We continued our work with forestry workers, including the Private and Public Workers of Canada (PPWC) union and Unifor, in helping to organize various rallies and events, including a rally in Duncan and another in Port Alberni, as well as giving joint presentations at various venues. Solidarity between forestry workers and the environmental movement, spearheaded by the PPWC and the AFA, has been pivotal in order to keep rural forestry communities focused ono the main threats to their jobs – the legacy of deregulation of BC’s forest industry in recent years, massive high-grade overcutting of the biggest best stands in the lower elevations, the lack of incentives and regulations to ensure the value-added manufacturing of the maturing second-growth stands, and the massive export of raw, unprocessed logs to foreign mills in the USA and Asia.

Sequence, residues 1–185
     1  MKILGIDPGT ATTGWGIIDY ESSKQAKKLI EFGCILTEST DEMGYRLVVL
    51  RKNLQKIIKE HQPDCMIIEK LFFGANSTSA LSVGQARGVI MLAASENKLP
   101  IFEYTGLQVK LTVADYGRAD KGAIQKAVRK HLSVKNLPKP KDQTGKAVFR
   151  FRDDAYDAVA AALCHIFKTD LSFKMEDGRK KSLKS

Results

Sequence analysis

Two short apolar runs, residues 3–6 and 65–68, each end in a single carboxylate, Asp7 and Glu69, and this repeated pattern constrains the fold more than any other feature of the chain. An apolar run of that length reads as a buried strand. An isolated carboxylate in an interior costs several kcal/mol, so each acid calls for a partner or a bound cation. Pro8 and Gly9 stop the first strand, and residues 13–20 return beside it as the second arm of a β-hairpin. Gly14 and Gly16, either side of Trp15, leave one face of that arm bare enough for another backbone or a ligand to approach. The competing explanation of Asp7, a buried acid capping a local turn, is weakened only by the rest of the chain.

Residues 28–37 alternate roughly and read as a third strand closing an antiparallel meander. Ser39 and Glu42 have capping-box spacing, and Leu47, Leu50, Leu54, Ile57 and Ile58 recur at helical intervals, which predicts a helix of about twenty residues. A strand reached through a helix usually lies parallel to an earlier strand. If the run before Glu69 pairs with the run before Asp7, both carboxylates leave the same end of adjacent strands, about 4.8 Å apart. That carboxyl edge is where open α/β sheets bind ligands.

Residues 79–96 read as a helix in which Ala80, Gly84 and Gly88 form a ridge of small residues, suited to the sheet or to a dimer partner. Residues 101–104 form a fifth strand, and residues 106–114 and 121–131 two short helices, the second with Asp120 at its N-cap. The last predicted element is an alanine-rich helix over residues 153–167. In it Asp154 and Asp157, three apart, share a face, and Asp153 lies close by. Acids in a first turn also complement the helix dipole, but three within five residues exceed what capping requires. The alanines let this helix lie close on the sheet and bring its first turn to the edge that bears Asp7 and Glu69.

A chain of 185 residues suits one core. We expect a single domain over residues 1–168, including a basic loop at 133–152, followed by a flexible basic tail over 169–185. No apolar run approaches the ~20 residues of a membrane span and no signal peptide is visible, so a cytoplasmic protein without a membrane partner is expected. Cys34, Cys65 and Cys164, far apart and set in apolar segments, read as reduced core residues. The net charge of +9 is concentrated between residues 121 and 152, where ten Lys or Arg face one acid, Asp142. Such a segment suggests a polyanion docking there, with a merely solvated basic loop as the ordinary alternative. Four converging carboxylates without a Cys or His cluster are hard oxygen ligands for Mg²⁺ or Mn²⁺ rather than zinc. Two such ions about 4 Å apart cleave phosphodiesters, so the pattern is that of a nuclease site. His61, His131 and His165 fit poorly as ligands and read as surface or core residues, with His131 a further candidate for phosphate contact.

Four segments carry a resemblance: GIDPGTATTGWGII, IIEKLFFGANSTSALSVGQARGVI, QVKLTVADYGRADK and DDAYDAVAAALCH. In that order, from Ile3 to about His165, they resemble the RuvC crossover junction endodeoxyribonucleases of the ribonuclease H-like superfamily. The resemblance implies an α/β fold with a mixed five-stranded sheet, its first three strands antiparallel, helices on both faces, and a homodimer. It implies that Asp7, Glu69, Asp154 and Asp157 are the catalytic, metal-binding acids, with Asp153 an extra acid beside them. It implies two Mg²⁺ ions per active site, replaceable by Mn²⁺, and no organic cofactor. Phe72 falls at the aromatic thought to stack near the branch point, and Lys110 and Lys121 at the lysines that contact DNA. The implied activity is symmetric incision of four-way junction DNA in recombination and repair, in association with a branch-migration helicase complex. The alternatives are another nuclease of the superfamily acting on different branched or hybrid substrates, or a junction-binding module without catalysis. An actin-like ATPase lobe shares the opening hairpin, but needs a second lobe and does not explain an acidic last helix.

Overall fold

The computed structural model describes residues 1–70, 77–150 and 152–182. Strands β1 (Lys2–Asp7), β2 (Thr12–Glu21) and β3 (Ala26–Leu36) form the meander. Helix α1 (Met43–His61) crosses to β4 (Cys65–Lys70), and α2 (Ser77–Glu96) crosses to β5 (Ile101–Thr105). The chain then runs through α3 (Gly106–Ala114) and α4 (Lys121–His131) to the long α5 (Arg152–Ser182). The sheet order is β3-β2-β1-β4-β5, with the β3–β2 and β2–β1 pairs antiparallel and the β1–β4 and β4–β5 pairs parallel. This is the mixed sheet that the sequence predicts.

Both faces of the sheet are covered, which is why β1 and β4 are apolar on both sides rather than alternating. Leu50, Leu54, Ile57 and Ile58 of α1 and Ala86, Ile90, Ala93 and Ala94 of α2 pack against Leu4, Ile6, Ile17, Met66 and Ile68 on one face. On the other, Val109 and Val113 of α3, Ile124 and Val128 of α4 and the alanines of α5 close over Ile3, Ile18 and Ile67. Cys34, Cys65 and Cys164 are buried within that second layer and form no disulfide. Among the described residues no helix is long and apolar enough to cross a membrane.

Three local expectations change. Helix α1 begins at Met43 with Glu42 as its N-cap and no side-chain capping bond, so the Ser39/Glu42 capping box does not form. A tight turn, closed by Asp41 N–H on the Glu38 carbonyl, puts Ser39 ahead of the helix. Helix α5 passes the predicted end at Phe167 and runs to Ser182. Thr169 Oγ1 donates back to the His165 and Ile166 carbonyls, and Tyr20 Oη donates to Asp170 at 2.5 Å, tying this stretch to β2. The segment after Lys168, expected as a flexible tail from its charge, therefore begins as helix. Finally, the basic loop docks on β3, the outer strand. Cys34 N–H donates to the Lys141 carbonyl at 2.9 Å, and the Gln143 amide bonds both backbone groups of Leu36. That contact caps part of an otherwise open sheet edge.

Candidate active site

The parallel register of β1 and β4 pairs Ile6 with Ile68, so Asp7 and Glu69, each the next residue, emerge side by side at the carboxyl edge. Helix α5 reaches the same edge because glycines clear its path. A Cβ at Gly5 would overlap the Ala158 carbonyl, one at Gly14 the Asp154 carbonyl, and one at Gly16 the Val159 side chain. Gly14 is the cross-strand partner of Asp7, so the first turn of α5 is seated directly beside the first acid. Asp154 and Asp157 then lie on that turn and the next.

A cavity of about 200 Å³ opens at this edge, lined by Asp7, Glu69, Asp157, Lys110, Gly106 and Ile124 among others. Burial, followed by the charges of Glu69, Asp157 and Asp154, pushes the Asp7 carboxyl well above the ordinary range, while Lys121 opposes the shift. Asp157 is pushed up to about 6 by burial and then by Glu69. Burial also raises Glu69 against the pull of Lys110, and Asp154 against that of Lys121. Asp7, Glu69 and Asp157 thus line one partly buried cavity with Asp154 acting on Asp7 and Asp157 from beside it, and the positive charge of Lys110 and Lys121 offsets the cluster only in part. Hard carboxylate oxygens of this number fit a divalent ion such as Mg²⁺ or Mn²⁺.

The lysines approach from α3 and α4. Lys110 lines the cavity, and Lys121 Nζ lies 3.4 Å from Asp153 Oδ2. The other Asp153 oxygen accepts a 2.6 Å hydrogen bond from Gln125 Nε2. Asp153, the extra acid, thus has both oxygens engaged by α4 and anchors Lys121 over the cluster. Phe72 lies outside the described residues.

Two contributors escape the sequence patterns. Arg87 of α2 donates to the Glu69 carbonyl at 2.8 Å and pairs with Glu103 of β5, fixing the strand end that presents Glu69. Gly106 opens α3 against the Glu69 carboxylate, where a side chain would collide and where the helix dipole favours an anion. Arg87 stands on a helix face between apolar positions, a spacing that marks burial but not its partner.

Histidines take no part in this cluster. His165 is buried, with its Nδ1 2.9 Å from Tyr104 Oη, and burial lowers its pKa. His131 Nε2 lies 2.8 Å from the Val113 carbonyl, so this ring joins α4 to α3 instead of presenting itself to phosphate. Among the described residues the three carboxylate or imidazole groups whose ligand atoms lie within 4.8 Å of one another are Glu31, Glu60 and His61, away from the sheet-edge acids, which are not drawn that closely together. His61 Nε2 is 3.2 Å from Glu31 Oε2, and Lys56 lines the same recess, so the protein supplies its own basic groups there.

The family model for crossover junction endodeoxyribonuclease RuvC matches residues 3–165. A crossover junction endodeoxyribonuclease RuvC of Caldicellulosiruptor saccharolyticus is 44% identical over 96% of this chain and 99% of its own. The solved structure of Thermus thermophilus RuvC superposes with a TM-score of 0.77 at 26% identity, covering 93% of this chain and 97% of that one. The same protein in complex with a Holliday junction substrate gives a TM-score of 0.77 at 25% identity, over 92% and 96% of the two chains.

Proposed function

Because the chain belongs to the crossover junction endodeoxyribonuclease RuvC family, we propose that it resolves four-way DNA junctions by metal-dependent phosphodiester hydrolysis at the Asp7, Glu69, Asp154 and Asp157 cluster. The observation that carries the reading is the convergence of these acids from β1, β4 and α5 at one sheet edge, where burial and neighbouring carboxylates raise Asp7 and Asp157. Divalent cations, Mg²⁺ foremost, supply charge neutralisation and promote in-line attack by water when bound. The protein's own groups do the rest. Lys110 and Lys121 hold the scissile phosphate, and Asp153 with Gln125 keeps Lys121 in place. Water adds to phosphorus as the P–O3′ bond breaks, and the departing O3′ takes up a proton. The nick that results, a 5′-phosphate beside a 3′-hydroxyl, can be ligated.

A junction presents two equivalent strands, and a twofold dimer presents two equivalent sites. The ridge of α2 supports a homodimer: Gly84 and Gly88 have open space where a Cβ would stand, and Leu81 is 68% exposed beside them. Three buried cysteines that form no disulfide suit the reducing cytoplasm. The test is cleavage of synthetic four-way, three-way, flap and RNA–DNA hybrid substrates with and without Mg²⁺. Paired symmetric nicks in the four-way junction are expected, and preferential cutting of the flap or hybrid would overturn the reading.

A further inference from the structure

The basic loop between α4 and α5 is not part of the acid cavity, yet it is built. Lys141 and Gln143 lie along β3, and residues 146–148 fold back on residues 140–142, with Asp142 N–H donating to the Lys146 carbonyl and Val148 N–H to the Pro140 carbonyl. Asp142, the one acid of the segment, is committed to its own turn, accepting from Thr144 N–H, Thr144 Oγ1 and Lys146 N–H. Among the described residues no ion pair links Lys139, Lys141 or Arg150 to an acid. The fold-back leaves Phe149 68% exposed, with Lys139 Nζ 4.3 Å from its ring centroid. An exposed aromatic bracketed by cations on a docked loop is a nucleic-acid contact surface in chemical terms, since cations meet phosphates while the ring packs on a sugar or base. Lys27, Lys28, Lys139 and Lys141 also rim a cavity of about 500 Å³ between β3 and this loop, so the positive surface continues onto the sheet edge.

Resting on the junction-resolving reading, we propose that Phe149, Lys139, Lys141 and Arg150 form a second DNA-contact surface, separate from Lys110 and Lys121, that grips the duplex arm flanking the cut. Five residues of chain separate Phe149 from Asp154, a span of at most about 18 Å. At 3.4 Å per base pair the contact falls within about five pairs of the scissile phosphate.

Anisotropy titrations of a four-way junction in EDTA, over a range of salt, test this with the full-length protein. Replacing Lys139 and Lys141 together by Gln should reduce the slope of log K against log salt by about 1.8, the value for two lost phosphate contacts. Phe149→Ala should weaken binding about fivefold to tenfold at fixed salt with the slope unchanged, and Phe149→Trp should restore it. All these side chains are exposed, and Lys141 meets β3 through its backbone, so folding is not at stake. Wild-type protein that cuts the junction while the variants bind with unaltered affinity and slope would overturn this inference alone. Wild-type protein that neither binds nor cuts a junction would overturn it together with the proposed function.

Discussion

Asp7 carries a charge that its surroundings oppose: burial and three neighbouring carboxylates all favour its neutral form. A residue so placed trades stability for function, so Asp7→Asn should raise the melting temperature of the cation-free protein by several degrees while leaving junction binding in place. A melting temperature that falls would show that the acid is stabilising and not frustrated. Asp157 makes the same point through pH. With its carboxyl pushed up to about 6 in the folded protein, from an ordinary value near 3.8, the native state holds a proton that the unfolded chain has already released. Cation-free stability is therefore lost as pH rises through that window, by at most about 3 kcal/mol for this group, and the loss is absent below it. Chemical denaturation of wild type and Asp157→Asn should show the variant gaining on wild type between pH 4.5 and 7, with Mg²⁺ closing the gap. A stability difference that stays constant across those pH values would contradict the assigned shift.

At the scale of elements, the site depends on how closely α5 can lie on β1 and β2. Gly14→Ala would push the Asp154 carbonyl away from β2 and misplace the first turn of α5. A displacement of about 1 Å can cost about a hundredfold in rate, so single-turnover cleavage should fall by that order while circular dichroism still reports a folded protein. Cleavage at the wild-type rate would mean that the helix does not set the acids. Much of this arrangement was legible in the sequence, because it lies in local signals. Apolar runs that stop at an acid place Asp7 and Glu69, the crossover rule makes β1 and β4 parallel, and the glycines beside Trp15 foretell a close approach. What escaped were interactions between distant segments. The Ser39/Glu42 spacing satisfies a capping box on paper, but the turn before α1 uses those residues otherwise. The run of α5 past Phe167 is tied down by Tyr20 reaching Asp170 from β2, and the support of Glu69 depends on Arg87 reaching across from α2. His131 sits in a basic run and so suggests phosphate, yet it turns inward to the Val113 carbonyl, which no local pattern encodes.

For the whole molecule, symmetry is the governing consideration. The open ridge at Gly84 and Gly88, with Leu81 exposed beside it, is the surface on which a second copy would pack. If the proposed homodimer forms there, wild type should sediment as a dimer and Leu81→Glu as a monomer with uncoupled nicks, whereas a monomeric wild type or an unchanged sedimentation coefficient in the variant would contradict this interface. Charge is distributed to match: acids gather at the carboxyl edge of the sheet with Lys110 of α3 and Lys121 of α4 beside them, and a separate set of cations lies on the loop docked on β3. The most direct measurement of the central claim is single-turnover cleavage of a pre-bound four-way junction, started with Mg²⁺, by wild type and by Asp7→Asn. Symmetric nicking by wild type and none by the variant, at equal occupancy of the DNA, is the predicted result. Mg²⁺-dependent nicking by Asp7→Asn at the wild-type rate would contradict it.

This major expansion of voices for saving ancient forests is no accident, but has been fundamentally driven by the Ancient Forest Alliance’s work to diversify and expand the old-growth forest movement beyond its environmentalist base. In particular, it has been our work with the Port Renfrew Chamber of Commerce to successfully protect the Avatar Grove in 2012, subsequently building a boardwalk there and promoting a major eco-tourism economy based on big trees and old-growth forests, that has been a foundation and a driver for this year’s major progress in rounding up new allies.